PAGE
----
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2005 Preview: Right Field

With actual exhibition games starting in just a few days, and a brand new blog with no actual content yet, I'm going to kick things off by previewing the 2005 Mets position-by-position. First up is right-field. Here is what Mets right-fielders did at the plate in 2004 (min: 40 AB):


                   AB      BA     OBP     SLG      OPS
Richard Hidalgo   306    .242    .311    .490     .801
Karim Garcia      180    .233    .270    .406     .675
Victor Diaz        49    .265    .294    .510     .804
Eric Valent        42    .214    .233    .476     .709
Shane Spencer      40    .250    .367    .275     .642
All Mets RF       638    .243    .300    .451     .752
NL RF             611    .268    .352    .453     .805

"All Mets RF" are cumulative stats for everyone who played right-field for the Mets in 2004, including those with fewer than 40 at-bats. "NL RF" is the 2004 National League average for right-fielders, including the Mets.

Mets right-fielders, collectively, were not very good in 2004. They were 9% below the NL average in BA, a whopping 15% below the average in OBP, and 7% below the NL average in OPS. The huge difference between BA and OBP can be explained by a general lack of plate discipline among this group. In other words, they just didn't know how to draw a walk. A .300 OBP is completely unacceptable at any positon, let alone a power spot like right-field. National League catchers got on base at a .323 clip. Catchers!! Shortstops reached base at a .318 clip.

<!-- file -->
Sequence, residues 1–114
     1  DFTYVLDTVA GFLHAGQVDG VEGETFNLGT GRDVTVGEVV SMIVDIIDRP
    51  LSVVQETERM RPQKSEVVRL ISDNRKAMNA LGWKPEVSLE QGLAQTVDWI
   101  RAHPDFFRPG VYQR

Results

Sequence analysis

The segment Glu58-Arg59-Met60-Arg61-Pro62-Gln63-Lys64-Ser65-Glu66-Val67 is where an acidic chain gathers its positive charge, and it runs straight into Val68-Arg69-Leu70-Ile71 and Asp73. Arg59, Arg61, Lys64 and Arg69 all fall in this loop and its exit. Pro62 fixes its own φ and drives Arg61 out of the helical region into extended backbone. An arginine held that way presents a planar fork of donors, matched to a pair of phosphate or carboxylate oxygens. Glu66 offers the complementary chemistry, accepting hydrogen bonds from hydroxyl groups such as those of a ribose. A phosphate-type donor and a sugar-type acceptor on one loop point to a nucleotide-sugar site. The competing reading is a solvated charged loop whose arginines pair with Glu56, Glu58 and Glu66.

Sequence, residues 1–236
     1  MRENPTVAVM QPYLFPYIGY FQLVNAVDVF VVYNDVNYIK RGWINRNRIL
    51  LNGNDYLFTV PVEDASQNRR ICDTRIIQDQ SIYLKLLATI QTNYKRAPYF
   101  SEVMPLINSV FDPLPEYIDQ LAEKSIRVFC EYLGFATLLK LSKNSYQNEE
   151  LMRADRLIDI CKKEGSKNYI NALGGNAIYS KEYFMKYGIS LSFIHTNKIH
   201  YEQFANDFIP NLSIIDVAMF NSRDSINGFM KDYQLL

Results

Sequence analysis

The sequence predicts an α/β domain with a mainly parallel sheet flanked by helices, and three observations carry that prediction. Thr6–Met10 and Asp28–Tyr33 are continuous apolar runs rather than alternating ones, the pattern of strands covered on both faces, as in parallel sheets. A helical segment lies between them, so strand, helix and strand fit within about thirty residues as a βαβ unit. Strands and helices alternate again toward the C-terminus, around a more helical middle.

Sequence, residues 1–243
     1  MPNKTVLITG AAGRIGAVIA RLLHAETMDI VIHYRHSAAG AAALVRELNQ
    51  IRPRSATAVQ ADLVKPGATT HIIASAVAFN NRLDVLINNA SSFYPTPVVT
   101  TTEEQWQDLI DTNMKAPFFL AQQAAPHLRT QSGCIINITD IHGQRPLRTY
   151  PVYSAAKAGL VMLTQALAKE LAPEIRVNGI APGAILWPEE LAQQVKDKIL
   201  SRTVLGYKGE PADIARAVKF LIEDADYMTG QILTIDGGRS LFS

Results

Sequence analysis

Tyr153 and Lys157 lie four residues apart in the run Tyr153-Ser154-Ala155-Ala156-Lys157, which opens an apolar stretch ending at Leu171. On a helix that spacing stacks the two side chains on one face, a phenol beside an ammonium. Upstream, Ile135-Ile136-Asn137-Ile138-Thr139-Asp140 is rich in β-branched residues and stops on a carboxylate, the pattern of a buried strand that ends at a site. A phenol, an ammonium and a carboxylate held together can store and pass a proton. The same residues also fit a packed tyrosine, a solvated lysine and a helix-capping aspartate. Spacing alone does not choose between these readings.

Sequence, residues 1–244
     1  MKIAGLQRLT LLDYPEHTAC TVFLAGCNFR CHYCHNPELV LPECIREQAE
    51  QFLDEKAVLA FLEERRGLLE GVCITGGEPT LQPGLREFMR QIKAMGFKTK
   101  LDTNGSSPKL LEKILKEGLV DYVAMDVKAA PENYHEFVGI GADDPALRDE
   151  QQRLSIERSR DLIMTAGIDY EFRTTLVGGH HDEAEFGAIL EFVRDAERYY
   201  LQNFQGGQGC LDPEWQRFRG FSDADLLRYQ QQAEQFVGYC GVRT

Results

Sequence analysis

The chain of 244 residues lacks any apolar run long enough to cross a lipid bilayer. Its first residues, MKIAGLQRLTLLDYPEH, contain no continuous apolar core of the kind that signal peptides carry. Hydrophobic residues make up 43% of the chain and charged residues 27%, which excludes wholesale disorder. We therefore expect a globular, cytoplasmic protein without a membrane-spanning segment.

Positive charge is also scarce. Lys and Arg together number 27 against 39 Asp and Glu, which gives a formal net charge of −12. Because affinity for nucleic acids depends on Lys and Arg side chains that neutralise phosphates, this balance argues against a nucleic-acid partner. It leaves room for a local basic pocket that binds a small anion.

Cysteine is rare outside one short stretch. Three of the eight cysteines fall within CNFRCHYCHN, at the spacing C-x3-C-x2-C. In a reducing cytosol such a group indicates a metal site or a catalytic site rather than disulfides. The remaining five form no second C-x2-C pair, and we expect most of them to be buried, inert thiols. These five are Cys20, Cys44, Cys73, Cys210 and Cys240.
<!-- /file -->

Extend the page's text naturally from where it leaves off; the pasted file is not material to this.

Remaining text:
Richard Hidalgo came over mid-season in a trade from the Houston Astros, and was hot for a couple of weeks before cooling off considerably, perhaps due in part to a nagging groin injury. His slugging was solid, but he just didn't get on base frequently enough to be productive. Sadly, Hidalgo was the best the Mets had out there last year.

Karim Garcia was a complete disaster at the plate. The only good thing you can say about him is that the Mets landed Mike DeJean from the Orioles in exchange for him, who pitched extremely well last season.

Victor Diaz, Eric Valent, and Shane Spencer didn't really play enough in right-field to make their stats very meaningful. Diaz and Valent showed nice pop, but also had a tough time geting on base. Not shown in the chart above are the 15 strikeouts Diaz accrued in only 49 at-bats. He also only walked once. He should start 2004 at Norfolk to work on his pitch recognition, because he's not going to get much playing time once this next guy gets going.

Mike Cameron. Accustomed to playing center-field his whole career, Cameron will have to make the transition to right-field in 2005 if he is going to stay with the Mets. Considering there's a new Cameron trade rumor seemingly every day, he's certainly not a lock to be with the Mets come April. Considering the players he's been rumored to be traded for, the Mets will be much better off hanging on to him. He slugged .479 in 2004, which is terrific for a center-fielder and, based on the chart above, would be better than average for a right-fielder. He only got on base 32% of the time last year, but based on early projections (using Baseball Prospectus' PECOTA Forcasting System), Cameron should be closed to the league-average right-fielder in that category in 2005.

He also stole 22 based in 28 attempts for a 79% success rate and, despite an off-year defensively, can be expected to provide very good defense in right-field. He is an outstanding glove-man in center-field, which usually translates to an outstanding glove-man in right-field. The reasoning is that, despite having to learn a semi-new position, his speed and range as a center-fielder will help him make that transition. Plus, his performance will be measured against lesser defenders than when he played center.

Average OBP, above-average SLG, well-above-average defense, a bunch of stolen bases, 20-30 homeruns, $6.5 million? Unless someone comes along and blows the Mets away with a trade offer for Cameron, the 2005 Mets will be much better off with him than without him.